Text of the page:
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Rocky Outcrops in Australia: Ecology, Conservation and Management

Rocky Outcrops in Australia: Ecology, Conservation and Management

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Rocky Outcrops in Australia: Ecology, Conservation and Management

312 página
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Feb 1, 2018


Rocky outcrops are landscape features with disproportionately high biodiversity values relative to their size. They support specialised plants and animals, and a wide variety of endemic species. To Indigenous Australians, they are sacred places and provide valuable resources. Despite their ecological and cultural importance, many rocky outcrops and associated biota are threatened by agricultural and recreational activities, forestry and mining operations, invasive weeds, altered fire regimes and climate change.

Rocky Outcrops in Australia: Ecology, Conservation and Management contains chapters on why this habitat is important, the animals that live and depend on these formations, key threatening processes and how rocky outcrops can be managed to improve biodiversity conservation in agricultural landscapes, state forests and protected areas. This book will be an important reference for landholders, Landcare groups, naturalists interested in Australian wildlife and natural resource managers.

Recipient of the 2018 Whitley Certificate of Commendation for Landscape Zoology

Feb 1, 2018

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Rocky Outcrops in Australia - Damian Michael



© Damian Michael and David Lindenmayer 2018

All rights reserved. Except under the conditions described in the Australian Copyright Act 1968 and subsequent amendments, no part of this publication may be reproduced, stored in a retrieval system or transmitted in any form or by any means, electronic, mechanical, photocopying, recording, duplicating or otherwise, without the prior permission of the copyright owner. Contact CSIRO Publishing for all permission requests.

The moral rights of the authors have been asserted.

National Library of Australia Cataloguing-in-Publication entry

Michael, Damian, author.

Rocky outcrops in Australia : ecology, conservation and management / written by Damian Michael and David B Lindenmayer.

9781486307906 (paperback)

9781486307913 (epdf)

9781486307920 (epub)

Includes bibliographical references and index.

Outcrops (Geology) – Australia.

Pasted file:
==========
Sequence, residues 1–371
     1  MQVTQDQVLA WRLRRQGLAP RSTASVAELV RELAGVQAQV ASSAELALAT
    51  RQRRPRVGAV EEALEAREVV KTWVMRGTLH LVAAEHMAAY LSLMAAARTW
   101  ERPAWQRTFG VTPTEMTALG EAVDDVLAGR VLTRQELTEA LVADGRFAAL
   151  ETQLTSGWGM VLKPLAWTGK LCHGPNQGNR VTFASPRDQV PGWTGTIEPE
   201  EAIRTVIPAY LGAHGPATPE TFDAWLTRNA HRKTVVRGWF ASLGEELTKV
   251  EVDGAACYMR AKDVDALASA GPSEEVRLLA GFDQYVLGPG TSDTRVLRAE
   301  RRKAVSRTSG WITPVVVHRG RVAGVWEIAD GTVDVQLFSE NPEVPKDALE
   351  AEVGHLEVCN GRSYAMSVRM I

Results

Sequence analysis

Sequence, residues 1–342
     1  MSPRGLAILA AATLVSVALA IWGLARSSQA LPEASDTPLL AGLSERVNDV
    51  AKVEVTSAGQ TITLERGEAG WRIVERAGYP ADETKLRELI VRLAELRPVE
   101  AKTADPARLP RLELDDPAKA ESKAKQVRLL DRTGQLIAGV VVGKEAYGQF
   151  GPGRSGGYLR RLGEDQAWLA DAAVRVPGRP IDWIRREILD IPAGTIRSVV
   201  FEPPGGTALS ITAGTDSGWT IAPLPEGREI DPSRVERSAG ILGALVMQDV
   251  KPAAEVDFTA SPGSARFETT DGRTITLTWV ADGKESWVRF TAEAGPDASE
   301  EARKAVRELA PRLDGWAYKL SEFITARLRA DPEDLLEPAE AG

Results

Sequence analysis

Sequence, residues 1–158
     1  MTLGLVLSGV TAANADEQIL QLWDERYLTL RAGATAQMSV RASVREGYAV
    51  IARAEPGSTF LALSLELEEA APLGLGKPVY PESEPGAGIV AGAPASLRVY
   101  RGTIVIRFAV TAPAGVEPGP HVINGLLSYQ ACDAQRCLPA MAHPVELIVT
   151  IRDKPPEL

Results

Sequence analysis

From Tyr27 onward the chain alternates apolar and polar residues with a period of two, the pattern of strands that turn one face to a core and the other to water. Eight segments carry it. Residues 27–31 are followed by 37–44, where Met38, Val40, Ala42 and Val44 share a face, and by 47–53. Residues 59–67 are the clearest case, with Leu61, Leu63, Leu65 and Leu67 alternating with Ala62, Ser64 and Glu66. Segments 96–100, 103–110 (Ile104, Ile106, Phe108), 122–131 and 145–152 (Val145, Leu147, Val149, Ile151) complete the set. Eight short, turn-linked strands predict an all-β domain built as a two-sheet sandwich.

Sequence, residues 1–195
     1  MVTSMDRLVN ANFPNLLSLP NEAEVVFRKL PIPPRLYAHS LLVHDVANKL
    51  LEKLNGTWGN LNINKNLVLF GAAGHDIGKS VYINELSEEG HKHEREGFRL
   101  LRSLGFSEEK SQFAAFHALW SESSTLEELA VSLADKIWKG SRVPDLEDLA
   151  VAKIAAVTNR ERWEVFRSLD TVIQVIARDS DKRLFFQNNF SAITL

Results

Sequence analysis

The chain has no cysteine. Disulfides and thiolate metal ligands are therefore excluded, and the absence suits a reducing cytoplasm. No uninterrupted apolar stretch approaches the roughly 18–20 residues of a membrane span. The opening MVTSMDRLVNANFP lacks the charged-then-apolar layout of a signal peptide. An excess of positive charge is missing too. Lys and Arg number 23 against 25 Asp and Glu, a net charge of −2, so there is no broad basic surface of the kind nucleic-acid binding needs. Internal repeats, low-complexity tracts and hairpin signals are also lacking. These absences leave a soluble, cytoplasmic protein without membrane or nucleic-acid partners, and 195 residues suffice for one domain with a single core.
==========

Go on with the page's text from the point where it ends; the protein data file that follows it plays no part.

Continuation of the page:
Wildlife conservation – Australia.

Wildlife management – Australia.

Agriculture – Environmental aspects – Australia.

Land use, Rural – Australia – Management.

Lindenmayer, David, author.

Published by

CSIRO Publishing

Locked Bag 10

Clayton South VIC 3169


Telephone: +61 3 9545 8400

Email: publishing.sales@csiro.au

Website: www.publish.csiro.au

Front cover: (top) rocky outcrop (photo: Damian Michael); (bottom) Gidgee Skink on a rocky outcrop in eastern and south-western Australia (photo: Jules Farquhar)

Back cover: (left to right) Flat Rock Spider (photo: Jordan de Jong); Chattering Rock Frog (top) and Cave Frog (bottom) (photo: Brendan Schembri); Common Rock Rat (photo: Angus McNab)

Set in 11/13.5 Adobe Minion Pro and Helvetica Neue LT Std

Edited by Anne Findlay, Princes Hill, Melbourne.

Cover design by Andrew Weatherill

Typeset by Desktop Concepts Pty Ltd, Melbourne

Index by Bruce Gillespie

Printed in China by Toppan Leefung Printing Limited

CSIRO Publishing publishes and distributes scientific, technical and health science books, magazines and journals from Australia to a worldwide audience and conducts these activities autonomously from the research activities of the Commonwealth Scientific and Industrial Research Organisation (CSIRO). The views expressed in this publication are those of the authors and do not necessarily represent those of, and should not be attributed to, the publisher or CSIRO. The copyright owners shall not be liable for technical or other errors or omissions contained herein. The reader/user accepts all risks and responsibility for losses, damages, costs and other consequences resulting directly or indirectly from using this information.

Original print edition:

The paper this book is printed on is in accordance with the rules of the Forest Stewardship Council®. The FSC® promotes environmentally responsible, socially beneficial and economically viable management of the world’s forests.